Raw Food and Traditional Chinese Medicine

An objection some people have to raw food is “According to Traditional Chinese Medicine (TCM), all raw food is cold and damp and will cause spleen chi deficiency”. Now there are various answers to that, but a friend of mine who is studying TCM has decided to do a study to find out if that is true or not. The study involves having a Chinese Doctor examine the tongue and pulse, two techniques used in TCM of a sample of raw food eaters compared to a sample of non-raw eaters

So yesterday, a Chinese Doctor looked at my tongue and checked my pulse. The way they check the pulse is not like a Western doctor would, they are not counting the beats per minute, they are looking at 30 (I think) different aspects. So the result was, tongue normal, pulse very slightly “slippery”. According to my friend doing the study, a “slippery pulse” could be an indicator of spleen chi deficiency, but with me it was minor and my tongue was normal, so  it seems I am ok. There is still another part of the study which is a questionnaire which will check if I have any other symptoms, I’ll let you know when I have the results of that.

When the study is complete this will hopefully give a better answer to the objection. (Apart from all the healthy people who have been following a raw food diet for many years!)

3 thoughts on “Raw Food and Traditional Chinese Medicine

  1. I have been raw for over 10 years. I get my tongue checked by a Naturopath and Acupuncturist, and it is always quite good. I do prefer hot weather but live in cooler New England throughout the year. I would be interested in your test results. I believe warming foods, building digestive fire by exercise, warm soups, dried heavier and dense foods in the colder part of the year, work fine. Any thoughts? The test you are doing is really great but even more important for people in colder locations since hot locations have natural warm and hot air and natural sun energy heat all the time.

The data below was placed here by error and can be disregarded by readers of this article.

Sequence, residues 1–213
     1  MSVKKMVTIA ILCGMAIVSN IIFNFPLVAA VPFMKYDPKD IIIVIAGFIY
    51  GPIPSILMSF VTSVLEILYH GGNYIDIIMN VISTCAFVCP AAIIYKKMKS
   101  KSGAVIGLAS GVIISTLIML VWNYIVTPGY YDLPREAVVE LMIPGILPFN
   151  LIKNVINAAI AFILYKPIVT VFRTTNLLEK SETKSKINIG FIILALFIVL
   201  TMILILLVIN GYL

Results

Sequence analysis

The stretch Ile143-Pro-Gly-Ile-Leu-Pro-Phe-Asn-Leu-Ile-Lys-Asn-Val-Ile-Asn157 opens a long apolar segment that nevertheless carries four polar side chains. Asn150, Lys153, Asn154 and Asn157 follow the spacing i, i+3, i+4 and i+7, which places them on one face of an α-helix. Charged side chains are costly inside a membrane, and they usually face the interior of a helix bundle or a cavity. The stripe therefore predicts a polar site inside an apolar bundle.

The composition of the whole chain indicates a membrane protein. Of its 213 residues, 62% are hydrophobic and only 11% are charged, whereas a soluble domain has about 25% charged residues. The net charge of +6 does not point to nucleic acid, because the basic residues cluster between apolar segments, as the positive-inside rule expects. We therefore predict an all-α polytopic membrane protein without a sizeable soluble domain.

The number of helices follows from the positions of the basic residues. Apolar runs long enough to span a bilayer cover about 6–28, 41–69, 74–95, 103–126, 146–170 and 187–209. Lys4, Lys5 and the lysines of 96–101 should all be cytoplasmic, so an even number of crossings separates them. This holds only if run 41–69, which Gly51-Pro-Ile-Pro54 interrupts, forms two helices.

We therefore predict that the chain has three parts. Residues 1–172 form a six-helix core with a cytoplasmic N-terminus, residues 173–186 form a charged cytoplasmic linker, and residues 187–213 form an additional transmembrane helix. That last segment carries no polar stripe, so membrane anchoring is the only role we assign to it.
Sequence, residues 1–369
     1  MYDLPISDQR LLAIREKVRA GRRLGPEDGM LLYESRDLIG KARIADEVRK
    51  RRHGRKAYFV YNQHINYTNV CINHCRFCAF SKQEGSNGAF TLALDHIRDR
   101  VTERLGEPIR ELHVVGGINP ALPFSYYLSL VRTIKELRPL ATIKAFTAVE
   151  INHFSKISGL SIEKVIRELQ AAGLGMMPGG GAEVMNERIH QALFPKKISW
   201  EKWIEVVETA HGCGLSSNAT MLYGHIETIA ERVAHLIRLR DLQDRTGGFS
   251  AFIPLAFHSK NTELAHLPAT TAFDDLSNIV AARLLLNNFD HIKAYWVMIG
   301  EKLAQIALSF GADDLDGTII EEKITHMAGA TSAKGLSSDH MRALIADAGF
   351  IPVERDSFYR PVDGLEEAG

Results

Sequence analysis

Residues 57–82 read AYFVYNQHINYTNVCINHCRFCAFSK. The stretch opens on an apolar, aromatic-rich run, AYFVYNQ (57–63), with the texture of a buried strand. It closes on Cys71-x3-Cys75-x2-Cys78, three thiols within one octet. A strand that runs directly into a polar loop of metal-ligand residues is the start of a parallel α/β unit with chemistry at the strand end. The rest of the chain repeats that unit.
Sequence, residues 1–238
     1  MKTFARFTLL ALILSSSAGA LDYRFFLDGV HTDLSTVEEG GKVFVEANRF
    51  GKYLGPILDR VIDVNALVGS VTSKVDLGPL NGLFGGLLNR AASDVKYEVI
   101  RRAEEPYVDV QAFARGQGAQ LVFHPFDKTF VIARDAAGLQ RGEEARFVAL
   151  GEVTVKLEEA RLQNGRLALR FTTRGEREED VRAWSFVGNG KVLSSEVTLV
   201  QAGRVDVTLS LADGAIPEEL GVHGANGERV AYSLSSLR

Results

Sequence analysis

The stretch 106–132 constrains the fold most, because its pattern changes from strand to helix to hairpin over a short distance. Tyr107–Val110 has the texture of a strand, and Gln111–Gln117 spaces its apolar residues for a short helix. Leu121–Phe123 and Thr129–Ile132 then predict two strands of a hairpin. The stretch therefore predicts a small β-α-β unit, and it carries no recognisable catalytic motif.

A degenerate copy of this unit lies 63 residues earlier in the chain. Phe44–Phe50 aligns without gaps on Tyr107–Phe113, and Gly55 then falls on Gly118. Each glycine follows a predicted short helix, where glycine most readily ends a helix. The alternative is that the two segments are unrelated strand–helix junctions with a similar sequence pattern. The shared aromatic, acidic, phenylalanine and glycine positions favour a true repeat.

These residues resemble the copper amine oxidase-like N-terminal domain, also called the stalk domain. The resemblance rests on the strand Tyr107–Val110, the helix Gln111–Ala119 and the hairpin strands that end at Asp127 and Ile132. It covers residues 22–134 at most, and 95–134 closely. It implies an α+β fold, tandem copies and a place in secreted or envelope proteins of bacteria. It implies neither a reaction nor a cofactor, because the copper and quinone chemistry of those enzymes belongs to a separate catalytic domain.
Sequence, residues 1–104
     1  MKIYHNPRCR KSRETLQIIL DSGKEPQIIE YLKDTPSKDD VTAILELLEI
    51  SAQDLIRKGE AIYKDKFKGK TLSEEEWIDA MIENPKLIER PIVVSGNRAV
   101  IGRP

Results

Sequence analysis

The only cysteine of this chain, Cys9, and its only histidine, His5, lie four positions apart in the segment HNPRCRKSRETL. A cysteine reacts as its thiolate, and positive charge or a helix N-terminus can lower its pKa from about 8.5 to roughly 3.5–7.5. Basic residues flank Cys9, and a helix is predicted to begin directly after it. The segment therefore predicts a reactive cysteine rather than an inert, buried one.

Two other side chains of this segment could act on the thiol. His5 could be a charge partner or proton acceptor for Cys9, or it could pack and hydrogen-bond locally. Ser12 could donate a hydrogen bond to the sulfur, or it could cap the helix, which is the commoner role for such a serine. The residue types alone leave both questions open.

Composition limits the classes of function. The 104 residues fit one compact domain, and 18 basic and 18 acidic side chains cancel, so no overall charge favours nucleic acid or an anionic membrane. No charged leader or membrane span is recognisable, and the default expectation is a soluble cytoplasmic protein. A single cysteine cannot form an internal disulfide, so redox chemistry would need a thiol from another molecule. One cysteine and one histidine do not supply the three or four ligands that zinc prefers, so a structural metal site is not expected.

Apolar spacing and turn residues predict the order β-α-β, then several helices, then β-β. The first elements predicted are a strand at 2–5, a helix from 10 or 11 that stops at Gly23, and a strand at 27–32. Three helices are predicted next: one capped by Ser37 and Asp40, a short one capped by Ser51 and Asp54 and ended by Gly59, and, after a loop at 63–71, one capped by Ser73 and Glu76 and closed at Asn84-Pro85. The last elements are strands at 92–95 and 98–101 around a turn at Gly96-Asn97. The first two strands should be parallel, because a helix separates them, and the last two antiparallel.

2. I am a TCM practitioner, and i can tell you that it is true, by default most raw vegetables and greens and fruit are classed as cold and dampness producing in the Chinese Medicine pharmacopeia. There are some exceptions, such as raw chiles, which are hot and drying, and others.
    In human beings there are also a wide range of differences. For some who have naturally occurring dry and hot constitutions, with a strong digestion and high metabolism, a raw food diet will potentially have positive effects. Others who have very cold and damp constitutions with poor digestion will probably suffer more on a raw food diet.

  3. Hey J.Torgier! Do you happen to know any TCM practioners you would recommend in the Seattle area for those of us interested in applying the Chinese Medicine pharmacopeia to eating habits?

Leave a Reply

Your email address will not be published.